Veggie Gang promotes healthy eating
AN INNOVATIVE new healthy eating project has been launched in the Craven district of the Yorkshire Dales aimed at encouraging school children to eat more vegetables.
The idea for the initiative came from Yorwork Community Interest Company and the project has been made possible with an award of £2,650 from Skipton Building Society.
"We would like to introduce The Veggie Gang into 30 local primary schools in the Craven area," said Hayley Thompson, a director of Yorwork and a young mum.
"It is a pilot scheme that will focus on the children, teachers and parents completing practical activities with a little help from Colin Carrot, Billy Broccoli, Sally Swede and Caspar Cabbage. We believe that by taking a positive and fun approach to the more serious issues that affect children today, including obesity and inactivity, the project will make a considerable difference to the children's diet and health and complement the work that is already going on in many schools."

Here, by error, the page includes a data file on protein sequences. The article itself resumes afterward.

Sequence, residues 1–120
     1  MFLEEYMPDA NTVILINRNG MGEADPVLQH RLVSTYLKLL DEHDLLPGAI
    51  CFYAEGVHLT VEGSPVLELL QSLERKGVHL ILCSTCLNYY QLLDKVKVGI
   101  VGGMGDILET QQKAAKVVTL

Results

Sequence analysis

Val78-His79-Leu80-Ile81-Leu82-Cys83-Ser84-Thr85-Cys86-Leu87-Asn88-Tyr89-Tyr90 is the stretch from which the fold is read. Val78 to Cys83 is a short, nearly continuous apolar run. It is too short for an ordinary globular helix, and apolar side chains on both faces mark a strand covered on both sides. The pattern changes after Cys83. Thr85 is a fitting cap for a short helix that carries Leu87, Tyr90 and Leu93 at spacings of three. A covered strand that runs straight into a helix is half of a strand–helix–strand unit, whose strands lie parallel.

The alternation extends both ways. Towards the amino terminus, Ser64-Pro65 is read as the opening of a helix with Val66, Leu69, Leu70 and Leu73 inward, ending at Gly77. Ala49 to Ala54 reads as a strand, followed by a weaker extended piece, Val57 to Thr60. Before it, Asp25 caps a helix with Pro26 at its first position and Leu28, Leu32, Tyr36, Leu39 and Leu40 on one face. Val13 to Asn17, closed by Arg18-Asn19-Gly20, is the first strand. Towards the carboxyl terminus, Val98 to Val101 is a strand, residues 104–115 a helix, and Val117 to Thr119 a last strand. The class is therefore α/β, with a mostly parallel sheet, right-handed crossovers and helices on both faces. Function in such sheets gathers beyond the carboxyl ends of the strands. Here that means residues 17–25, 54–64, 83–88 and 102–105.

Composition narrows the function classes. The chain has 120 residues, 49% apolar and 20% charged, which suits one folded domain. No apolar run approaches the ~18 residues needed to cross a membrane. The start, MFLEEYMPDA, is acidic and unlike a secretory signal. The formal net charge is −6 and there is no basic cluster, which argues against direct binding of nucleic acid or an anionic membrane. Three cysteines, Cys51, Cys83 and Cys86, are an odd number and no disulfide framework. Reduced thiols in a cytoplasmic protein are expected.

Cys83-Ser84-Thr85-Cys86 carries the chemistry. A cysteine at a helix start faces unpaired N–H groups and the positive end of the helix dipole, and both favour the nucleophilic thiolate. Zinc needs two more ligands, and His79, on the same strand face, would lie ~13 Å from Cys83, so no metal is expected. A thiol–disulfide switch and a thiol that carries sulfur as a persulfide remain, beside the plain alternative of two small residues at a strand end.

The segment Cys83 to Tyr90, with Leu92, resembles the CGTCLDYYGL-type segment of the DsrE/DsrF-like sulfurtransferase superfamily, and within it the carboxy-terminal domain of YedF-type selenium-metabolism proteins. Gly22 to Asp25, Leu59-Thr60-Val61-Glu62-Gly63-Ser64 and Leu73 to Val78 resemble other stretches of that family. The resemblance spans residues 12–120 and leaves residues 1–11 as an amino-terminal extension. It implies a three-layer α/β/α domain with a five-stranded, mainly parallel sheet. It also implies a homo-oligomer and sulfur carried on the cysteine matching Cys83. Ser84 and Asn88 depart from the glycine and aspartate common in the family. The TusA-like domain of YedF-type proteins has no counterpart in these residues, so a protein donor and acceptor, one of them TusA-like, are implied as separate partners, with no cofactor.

Each school has been given a free Veggie Gang Resource Pack and pupils who complete the tasks and participate in the scheme will receive a certificate for their school.
Cara Taylor, sponsorship consultant, Skipton Building Society, said, "We are proud to support the Veggie Gang in its pilot scheme throughout the Craven area. As we are hearing more and more in the media, it is important to give children the correct information to help them make the right food choices when they grow up and this initiative makes healthy food fun."
The project will encourage healthy eating, local food production and practical work both in and outside of the classroom
Charlotte Foster - Yorwork
The pack includes comprehensive Teacher's notes, toys, badges, posters, plant pots and packets of seeds for the children to grow and take home. Pupils will be asked to submit photographs of their activities and the school that is deemed to present an award winning album will be offered the chance to visit Growing with Grace in Clapham to learn more about local organic food production and its benefits.
"The project will encourage healthy eating, local food production and practical work both in and outside of the classroom" said Charlotte Foster, Yorwork co-director. "We know from research that educating children about healthier lifestyle choices at an early age makes it more likely that they will adopt good habits and carry them on into adult life."